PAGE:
For reporting on boosting traffic, SEOs should already be focusing on organic growth on particular landing pages, as well as overall organic growth. These metrics are invariably more coherent and complete given the current state of (not provided). Where we run into trouble is differentiating between branded and unbranded organic traffic, but I believe that these two segments play off each other in important ways.
François Berthiaume – Account Director
Paid search data will increasingly become the quickest way to help monitor keyword-level performance. Google is encouraging marketers to track more macro-level metrics such as conversion rates, and this means paid search and click-throughs (using Webmaster Tools) to monitor performance will become increasingly important to search marketing strategies.
I think there are three possible solutions:
We are still able to report on organic traffic as a whole and differentiate the traffic coming from Google from other search engines. When we report on the SEO work we’re doing, we’ll look at other user touch points. For example, instead of looking at the search query, we’ll study the landing page where organic traffic is growing. It’ll be a good indicator of the work we are doing on those specific landing pages.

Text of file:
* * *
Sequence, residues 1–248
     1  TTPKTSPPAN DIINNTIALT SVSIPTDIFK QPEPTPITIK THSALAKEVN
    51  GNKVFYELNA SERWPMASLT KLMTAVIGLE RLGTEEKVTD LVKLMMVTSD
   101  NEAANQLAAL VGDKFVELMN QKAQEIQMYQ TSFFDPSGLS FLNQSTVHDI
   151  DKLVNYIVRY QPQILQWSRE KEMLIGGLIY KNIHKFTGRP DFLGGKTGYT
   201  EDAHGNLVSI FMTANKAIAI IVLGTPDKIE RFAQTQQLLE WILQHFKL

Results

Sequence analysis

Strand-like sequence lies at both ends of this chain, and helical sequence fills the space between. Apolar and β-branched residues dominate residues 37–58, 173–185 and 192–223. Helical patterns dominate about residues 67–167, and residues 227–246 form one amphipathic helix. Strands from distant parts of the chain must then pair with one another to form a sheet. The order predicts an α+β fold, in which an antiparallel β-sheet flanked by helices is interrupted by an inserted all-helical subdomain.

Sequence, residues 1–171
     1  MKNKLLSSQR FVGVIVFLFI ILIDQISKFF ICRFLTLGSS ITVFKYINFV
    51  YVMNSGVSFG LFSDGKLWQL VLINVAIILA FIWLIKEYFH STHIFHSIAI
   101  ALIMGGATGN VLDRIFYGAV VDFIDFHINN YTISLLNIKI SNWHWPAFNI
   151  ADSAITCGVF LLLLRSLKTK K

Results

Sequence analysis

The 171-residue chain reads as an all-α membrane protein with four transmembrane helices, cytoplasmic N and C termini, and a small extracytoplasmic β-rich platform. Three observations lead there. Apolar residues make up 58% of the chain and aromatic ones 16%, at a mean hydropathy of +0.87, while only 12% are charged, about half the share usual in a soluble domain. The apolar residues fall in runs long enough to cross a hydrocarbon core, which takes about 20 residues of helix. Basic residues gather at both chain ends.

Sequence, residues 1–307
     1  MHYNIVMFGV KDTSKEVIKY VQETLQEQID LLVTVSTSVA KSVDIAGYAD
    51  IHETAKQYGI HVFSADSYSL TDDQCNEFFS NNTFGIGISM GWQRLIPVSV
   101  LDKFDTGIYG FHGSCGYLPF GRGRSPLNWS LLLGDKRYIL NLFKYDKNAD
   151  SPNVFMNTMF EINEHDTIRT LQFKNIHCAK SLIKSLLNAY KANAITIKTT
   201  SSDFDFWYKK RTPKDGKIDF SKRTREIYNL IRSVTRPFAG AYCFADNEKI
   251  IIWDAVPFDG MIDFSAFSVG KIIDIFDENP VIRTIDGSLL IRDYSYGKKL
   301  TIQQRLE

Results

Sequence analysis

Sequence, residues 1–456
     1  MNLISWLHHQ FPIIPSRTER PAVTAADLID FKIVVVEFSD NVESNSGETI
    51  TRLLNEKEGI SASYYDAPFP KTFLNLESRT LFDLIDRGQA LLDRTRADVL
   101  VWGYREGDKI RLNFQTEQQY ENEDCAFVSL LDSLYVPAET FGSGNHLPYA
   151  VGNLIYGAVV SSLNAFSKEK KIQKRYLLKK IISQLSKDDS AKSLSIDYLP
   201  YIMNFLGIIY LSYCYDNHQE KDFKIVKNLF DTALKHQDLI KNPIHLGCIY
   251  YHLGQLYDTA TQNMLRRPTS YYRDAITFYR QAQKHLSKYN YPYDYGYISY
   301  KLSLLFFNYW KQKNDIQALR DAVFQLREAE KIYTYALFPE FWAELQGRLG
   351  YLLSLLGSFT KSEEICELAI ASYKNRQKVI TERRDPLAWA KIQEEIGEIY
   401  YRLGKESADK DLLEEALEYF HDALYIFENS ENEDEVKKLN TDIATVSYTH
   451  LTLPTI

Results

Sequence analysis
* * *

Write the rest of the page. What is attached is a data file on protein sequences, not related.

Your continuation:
In terms of keywords, there are a couple of options. As mentioned, we can look at Google Webmaster Tools data. Currently it’s limited to the top search queries over the last 90 days, but they plan to provide a year’s worth of data in future). We can also use Google Trends to compare search terms and get a better a sense of interest over time. To discover keyword rankings we’ve found Advanced Web Rankings helpful.
Finally, we can look at Bing/Yahoo data and try to create proxies that we can later use to determine Google search traffic. More options and/or a blend of options are still in the works for most of online marketers. Just as Klout emerged in the Social Media sphere to help make social more measurable, it may come down to blending several tools and methodologies to help us better assess the performance of our offsite SEO efforts.
You can also try this “Not Provided” Kit – we came across. A set of simple add-ons for Google Analytics (put together by @danbarker) “can help you understand what’s happening now that data is absent. It won’t fix the problem, but it may bring other insight around ‘not provided’ visits.”
This post was originally written by Mary Montserrat-Howlett.